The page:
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      My 3 children grew up with Labs in the house and all experienced a puppy at some point. (I think the youngest age would have been about 3) You definitely need to be careful but I think it can be done safely. Teach the kids no running from puppy, no squealing/screaming, both tend to get a young Lab puppy wound up which can be scary for the kids. Any floor time with puppy is carefully supervised. One of the best things, at least for me, is that it taught my kids to keep their toys in the playroom and pick up their stuff! Leaving toys, shoes, etc out could easily result in destruction of the item! Baby gates, tethering puppy to you, a crate and an ex-pen are great ways to keep a puppy from getting in to things and all are helpful even if you don't have small children. I honestly love kids having a puppy to grow up with and every kid should have a Lab! I loved the bonds my kids had with "their" dog. I know my now grown children would say having a Lab is one of their favorite memories as a child. Thankfully the mouthy, bitey stage improves greatly after teething, around 5 months or so.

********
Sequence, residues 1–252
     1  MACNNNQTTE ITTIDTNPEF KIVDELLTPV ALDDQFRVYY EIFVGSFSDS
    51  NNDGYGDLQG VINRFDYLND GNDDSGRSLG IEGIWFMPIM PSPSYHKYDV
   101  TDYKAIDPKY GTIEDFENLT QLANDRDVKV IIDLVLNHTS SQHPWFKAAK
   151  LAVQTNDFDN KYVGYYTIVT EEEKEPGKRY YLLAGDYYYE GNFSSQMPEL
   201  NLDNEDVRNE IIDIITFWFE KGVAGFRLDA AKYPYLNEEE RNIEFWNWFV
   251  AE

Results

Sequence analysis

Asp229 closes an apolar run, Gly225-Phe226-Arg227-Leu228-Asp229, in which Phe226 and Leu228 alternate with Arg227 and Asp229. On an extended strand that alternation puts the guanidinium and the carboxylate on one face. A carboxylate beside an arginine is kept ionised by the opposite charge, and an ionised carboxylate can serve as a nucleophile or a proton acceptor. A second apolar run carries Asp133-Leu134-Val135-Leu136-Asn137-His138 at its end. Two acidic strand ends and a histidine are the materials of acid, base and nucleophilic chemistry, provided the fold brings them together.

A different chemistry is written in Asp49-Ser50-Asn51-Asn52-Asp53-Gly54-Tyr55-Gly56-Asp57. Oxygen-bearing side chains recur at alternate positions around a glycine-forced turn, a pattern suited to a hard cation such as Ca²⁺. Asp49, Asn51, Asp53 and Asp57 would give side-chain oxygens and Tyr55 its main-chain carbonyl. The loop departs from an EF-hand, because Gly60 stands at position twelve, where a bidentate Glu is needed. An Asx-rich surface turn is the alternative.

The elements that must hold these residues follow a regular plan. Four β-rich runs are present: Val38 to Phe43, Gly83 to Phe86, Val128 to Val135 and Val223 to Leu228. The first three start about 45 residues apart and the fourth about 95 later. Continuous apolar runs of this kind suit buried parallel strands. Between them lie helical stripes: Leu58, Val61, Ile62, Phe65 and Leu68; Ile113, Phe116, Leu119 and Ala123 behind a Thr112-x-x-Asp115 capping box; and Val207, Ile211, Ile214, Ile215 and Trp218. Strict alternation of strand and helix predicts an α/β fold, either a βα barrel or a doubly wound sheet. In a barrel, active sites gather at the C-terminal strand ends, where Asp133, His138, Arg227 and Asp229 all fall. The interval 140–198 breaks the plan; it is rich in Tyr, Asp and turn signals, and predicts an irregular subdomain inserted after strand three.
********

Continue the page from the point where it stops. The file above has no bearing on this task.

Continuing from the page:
My Maxx was a super chill, mellow puppy, he has the kids that live near us wrapped around his paws. There are 2 little ones, 5 and 6ish that knock on my door to see if Maxx can come out to play in the back yard! They like to use the "chuck it" ball and giggle themselves silly sending him in to the pool and watching him run with the Jolly balls. Maxx adores all kids but I really think he is under the impression these 2 "belong" to him!
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      Maxx and Emma Jean

      Ozzy - 10/2002 - 06/2011 - Rest well my sweet boy. You are forever remembered, forever missed, forever in my heart.

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    11. #7
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      Sorry, duplicate post.

    12. #8